Some people are still ambivalent about sending their data to the cloud for safe keeping. Those people might also prefer to keep their money in a shoebox under their bed rather than trust an ATM (Automated Teller Machine). Microsoft OneDrive, Google Drive, Amazon Drive, DropBox and iCloud all offer reasonably priced cloud drive subscriptions that are easy to access and nearly 100% secure. All of them work on the premise that you keep a physical copy of your file on your hard drive and also a synchronized copy in the cloud. The advantage is that there is always a backup copy of your files somewhere and the files are accessible from anywhere on any device provided you can remember your login information of course. Evolving from this technology is file sharing and collaboration tools that allow for a team of users to work on the same projects while maintaining proper version control.
Did you know the Rolls Royce engine in the aircraft you flew on doesn’t belong to the airline? Rolls Royce owns all its engines, it monitors them remotely, schedules maintenance and advises the airlines on best practices and fuel efficiency. They charge an hourly fee for the use of the engine. Does your technology provider give you that level of service?
It’s time to ditch the equipment peddler and find a tech partner. More important than the gears and motors and circuit boards that you purchase is the knowledge that if your machine breaks down, your technology partner has your back and will make sure that you’re up and running in a manner of hours, at most, days. Too often I’ve seen an unfortunate manufacturer go down for weeks while they had to fly a part or a technician from Europe. Worse yet, the blame goes around from the equipment to the software to the tooling to the material and then back to the equipment… and nothing gets done.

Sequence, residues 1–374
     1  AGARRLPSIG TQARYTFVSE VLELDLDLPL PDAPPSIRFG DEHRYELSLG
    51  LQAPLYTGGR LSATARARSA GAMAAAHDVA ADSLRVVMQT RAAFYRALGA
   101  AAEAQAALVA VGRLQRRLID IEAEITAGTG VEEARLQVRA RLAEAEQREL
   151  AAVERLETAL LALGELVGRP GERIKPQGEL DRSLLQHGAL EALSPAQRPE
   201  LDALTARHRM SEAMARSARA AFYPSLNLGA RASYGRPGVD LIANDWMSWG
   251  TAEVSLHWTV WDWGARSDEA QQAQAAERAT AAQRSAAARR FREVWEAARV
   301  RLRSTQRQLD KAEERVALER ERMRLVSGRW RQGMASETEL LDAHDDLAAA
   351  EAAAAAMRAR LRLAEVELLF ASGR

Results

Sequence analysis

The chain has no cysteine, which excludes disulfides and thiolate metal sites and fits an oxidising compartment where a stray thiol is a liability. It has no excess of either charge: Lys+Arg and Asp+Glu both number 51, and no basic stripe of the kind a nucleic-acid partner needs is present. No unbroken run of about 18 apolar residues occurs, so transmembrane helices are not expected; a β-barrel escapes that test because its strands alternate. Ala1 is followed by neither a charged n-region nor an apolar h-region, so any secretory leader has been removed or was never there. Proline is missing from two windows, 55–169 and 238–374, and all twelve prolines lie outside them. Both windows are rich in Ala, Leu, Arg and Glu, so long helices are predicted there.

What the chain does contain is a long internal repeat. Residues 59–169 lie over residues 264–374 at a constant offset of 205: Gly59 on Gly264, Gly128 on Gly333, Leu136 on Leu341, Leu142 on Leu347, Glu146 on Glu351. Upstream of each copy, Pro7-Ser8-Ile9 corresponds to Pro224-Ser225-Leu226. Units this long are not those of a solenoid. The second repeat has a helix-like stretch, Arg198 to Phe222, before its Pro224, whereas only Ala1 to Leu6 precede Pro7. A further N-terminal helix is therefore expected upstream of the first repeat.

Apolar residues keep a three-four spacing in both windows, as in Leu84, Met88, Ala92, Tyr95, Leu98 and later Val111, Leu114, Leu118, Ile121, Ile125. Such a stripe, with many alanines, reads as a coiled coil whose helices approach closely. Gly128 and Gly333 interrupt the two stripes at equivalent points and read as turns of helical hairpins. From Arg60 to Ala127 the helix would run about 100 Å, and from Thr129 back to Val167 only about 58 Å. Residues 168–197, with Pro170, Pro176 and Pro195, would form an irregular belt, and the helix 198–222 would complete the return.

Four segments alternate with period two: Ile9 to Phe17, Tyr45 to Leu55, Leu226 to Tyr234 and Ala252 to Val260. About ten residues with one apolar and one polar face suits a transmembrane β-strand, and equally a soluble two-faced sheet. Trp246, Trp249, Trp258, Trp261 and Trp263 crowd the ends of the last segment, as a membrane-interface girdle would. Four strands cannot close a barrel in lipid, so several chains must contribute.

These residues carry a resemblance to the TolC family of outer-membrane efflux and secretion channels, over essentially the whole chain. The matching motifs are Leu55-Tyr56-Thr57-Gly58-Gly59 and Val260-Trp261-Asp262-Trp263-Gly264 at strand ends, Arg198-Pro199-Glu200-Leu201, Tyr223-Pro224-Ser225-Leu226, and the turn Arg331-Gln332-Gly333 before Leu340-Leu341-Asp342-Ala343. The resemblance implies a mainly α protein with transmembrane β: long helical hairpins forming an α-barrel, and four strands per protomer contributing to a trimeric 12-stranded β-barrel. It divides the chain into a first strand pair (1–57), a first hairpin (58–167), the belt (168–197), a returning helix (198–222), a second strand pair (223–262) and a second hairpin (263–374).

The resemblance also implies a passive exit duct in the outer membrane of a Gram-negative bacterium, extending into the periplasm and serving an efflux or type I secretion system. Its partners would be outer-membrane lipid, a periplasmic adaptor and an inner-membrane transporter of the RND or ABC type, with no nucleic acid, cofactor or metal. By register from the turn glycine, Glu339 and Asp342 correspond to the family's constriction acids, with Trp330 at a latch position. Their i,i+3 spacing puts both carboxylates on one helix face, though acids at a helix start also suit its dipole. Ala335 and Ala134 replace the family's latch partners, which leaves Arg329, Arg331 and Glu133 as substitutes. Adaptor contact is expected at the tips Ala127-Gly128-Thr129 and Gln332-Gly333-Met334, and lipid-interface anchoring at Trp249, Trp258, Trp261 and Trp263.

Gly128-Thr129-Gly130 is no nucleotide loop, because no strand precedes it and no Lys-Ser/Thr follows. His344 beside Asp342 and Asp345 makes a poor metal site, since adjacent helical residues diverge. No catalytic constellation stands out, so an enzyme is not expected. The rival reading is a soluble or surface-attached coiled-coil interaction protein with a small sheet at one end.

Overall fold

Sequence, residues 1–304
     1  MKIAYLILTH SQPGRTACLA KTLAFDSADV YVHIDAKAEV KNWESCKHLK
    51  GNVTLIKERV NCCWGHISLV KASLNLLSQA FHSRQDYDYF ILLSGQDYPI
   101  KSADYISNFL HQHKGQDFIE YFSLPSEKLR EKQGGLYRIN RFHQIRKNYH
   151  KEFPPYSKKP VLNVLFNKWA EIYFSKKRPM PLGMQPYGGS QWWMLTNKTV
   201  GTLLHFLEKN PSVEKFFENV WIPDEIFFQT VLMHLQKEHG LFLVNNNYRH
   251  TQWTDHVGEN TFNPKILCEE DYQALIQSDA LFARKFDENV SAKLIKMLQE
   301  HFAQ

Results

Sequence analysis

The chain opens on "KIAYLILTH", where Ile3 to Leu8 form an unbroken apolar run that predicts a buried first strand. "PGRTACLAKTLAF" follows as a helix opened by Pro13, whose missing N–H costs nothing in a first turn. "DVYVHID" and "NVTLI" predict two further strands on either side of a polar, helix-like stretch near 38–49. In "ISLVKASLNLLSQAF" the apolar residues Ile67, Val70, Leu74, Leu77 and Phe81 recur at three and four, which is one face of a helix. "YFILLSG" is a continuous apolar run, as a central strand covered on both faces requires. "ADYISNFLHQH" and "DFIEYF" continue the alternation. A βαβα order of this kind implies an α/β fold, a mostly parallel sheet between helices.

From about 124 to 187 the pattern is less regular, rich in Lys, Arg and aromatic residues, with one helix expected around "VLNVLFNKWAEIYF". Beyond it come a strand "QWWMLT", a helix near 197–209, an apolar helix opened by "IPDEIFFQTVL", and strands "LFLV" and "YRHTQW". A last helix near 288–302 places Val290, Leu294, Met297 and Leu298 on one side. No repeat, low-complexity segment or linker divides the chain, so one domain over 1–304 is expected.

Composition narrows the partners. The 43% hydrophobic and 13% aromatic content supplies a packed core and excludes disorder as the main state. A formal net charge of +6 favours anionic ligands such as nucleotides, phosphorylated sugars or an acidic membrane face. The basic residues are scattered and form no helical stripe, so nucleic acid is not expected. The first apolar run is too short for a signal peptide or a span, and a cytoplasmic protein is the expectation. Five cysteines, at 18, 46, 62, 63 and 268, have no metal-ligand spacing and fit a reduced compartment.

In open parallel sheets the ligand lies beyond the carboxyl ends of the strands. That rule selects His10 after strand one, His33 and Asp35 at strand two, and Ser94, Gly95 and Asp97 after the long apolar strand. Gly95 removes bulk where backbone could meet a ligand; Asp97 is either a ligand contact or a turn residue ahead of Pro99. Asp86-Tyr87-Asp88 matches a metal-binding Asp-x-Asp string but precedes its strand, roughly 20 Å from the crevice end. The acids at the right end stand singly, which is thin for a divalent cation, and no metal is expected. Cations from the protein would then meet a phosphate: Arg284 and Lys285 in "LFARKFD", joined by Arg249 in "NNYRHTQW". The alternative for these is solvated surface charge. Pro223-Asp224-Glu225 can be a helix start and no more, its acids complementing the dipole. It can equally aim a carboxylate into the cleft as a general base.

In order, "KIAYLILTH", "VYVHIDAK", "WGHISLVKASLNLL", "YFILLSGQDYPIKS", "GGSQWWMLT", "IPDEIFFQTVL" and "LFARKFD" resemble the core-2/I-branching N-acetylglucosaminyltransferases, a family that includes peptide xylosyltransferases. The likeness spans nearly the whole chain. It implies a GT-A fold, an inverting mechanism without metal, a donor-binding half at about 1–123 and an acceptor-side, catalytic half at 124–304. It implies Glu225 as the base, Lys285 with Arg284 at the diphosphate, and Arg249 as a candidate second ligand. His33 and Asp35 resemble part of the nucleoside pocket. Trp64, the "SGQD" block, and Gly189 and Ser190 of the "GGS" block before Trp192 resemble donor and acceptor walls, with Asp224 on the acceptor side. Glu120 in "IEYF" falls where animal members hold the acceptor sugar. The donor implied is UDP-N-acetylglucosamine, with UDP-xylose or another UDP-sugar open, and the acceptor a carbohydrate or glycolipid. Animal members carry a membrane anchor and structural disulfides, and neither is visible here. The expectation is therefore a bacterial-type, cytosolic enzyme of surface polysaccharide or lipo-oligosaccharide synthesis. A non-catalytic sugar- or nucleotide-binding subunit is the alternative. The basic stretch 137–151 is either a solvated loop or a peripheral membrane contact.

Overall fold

Breakdowns do happen, I’ve had my share, but I kid you not, my partner is on the phone, on Skype, parts are FedExed overnight and I’m back running in no time, every time. My tech partner is an invaluable part of my business team. Choose your tech partner judiciously.
Education is the greatest weapon against failure. What’s the point in owning the best technology if you don’t know how to use it? When you learn more about your technology, you become more knowledgeable about it, you get to use it to its full potential and you become more confident about the limits of what you can do with it. When you master a technology, you can perform wonders but you can also maintain it, fix it, modify it and do all sort of magic.
There’s an old joke where the CFO says, “What if we train our workers and they leave?” to which the CEO replies, “But what if we don’t train them and they stay?” It only makes business sense to invest in a training program and we have a grant program in Ontario that gives employers up to $10,000 per employee per year towards training. Other provinces might have similar programs, but you’ll find Ontario’s here: http://www.tcu.gov.on.ca/eng/eopg/cojg/
Plan for the worst
It might be a good idea to have a plan just in case. Do you have someone who can take on your production in case you’re out of commission? The worse thing would be to leave your customers in a lurch because if you don’t come up with a solution, they will. There are a good number of service providers both locally and online that can help you with such matters as designing, programming, CNC cutting, assembly, delivery, etc… It might even be a good idea to have some of those names in your rolodex for when you need to outsource some production in the busy season when you’re swamped.
Professionally trained in architecture, Alain Albert has worked in wood as an entrepreneur, in production management, in design and as a digital manufacturing consultant. Contact: firstname.lastname@example.org.